Searching over 5,500,000 cases.


searching
Buy This Entire Record For $7.95

Download the entire decision to receive the complete text, official citation,
docket number, dissents and concurrences, and footnotes for this case.

Learn more about what you receive with purchase of this case.

Fisher v. Volunteers of America

United States District Court, D. Maryland

February 14, 2014

JERRELL FISHER, Petitioner,
v.
VOLUNTEERS OF AMERICA, Respondent.

MEMORANDUM

PAUL W. GRIMM, District Judge.

I. Background

Jerrell Fisher (hereinafter referred to as "Fisher") filed this 28 U.S.C. § 2241 petition for habeas relief while housed at the Kent County Detention Center. He alleges that on June 11, 2013, he was cited with a disciplinary infraction by the Director of the Volunteers of America ("VOA"), Jennifer Masselieno, with whom he had verbal disagreements in the past. Fisher claims that his release date was altered by an additional three weeks due to the "summary disposition" of the infraction without his being afforded his due process rights, i.e., a fair hearing. He seemingly asserts that he was accused of the infraction (theft of cigarettes) as a retaliatory measure as he had more than sufficient income and no reason to commit the offense as alleged. Fisher contends that Ms. Masselieno exceeded the scope of her authority to "ensure that I be sanctioned and kicked out of the program." ECF No. 1. He seeks immediate reinstatement of his good conduct time.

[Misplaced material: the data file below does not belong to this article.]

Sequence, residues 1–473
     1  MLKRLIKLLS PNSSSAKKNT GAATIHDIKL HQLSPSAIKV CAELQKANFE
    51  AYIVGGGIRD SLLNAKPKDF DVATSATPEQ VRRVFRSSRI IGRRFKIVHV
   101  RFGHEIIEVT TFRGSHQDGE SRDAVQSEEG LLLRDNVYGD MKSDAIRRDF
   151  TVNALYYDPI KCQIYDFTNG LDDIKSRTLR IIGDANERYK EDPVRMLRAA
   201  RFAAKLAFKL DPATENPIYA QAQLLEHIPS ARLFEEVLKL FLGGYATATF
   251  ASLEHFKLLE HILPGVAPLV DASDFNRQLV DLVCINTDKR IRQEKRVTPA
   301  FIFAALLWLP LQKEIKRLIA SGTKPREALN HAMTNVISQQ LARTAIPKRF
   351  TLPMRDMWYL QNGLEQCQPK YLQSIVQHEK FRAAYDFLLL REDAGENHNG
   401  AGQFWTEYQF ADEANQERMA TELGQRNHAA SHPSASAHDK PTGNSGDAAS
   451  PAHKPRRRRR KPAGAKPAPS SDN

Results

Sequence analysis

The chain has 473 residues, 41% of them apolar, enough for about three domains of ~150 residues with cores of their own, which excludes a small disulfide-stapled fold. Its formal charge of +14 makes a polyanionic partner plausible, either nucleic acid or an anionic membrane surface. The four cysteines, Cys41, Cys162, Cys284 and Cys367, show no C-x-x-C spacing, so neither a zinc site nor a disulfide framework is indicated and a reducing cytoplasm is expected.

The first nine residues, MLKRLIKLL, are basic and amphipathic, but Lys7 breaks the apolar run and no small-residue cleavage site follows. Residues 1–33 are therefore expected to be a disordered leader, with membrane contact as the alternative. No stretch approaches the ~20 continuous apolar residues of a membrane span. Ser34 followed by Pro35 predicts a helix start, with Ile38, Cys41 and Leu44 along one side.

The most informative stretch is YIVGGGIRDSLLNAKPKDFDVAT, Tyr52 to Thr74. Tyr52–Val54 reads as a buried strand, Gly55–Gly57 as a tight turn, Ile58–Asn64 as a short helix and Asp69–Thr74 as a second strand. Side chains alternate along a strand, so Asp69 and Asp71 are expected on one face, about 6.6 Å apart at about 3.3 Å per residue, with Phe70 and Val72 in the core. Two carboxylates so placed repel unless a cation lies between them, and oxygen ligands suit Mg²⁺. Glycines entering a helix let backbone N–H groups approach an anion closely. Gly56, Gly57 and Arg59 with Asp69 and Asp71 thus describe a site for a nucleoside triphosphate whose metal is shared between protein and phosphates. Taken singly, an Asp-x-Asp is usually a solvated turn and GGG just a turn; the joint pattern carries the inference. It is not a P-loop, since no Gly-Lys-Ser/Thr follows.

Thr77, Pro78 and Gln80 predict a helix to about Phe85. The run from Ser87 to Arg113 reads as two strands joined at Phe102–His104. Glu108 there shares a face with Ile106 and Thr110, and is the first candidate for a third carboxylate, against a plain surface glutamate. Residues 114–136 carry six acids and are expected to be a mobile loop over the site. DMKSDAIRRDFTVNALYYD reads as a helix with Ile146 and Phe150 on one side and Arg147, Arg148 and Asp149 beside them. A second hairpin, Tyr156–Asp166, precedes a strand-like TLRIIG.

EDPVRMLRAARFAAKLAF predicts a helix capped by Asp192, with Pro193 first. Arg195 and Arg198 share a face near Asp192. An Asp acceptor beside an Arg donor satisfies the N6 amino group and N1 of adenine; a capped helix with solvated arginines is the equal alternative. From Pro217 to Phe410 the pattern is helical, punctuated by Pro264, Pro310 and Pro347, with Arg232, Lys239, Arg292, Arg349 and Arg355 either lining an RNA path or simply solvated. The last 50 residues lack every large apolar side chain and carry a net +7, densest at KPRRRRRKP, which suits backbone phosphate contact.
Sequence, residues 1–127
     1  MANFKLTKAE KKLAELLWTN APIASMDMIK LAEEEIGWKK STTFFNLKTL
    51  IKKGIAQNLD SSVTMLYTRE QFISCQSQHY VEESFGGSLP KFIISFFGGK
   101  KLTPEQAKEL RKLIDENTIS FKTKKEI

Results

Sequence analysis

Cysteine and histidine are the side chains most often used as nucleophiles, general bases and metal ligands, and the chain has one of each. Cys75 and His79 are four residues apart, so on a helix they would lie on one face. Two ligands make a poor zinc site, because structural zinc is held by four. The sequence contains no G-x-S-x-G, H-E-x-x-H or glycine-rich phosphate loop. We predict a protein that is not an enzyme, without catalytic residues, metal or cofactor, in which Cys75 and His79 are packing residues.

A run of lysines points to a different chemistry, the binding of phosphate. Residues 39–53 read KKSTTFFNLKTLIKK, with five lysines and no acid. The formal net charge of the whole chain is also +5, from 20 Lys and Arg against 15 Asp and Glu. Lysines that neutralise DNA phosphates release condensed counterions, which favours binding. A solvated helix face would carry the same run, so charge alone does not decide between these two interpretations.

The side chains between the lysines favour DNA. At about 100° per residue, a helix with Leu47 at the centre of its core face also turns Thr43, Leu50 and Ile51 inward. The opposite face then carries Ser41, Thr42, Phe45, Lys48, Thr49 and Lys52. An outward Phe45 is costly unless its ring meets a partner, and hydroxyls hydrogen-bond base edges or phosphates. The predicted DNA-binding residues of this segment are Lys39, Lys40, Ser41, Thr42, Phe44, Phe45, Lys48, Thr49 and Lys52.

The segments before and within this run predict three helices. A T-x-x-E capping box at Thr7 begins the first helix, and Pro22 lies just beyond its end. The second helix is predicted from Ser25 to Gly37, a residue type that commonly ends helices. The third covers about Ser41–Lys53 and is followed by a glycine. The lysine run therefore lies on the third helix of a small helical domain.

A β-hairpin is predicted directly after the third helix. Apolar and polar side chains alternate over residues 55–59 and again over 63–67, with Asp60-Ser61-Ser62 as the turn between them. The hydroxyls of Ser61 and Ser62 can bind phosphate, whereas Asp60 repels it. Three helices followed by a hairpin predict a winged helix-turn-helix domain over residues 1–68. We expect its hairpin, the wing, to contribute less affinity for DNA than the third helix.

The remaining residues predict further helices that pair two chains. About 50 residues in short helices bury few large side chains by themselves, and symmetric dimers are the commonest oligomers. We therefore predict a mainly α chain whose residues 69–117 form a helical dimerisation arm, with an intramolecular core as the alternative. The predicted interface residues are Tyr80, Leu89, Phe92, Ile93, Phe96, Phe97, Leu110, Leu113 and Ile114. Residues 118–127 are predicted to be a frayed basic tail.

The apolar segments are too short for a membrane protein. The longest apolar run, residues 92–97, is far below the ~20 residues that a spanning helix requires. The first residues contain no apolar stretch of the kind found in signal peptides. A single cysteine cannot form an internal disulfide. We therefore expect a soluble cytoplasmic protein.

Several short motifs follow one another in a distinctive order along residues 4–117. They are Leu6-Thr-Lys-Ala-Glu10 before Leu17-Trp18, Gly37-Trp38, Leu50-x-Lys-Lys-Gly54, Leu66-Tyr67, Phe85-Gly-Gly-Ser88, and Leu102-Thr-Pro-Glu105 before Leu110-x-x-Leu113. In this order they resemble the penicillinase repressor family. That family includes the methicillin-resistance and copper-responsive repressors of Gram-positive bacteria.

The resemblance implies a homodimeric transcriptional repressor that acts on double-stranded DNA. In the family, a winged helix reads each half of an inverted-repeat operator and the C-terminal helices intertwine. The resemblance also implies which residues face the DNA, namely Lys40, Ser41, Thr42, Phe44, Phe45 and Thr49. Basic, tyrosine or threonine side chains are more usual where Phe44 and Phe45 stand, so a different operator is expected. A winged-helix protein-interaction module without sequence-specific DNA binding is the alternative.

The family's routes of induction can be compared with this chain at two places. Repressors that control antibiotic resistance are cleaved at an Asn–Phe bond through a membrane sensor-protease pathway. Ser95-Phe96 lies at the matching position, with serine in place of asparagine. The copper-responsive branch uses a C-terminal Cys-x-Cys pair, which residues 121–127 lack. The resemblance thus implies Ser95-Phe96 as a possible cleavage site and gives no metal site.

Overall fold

On August 15, 2013, respondent filed a motion to dismiss or, in the alternative, motion for summary judgment, [1] which remains unopposed as of the within signature date.[2] ECF No. 5. The Court has reviewed the petition and briefing and finds that an oral hearing is not necessary. See Local Rule 105.6 (D. Md. 2011). For the reasons that follow, respondent's motion, construed as a summary judgment motion, shall be granted and the petition shall be dismissed.

II. Standard of Review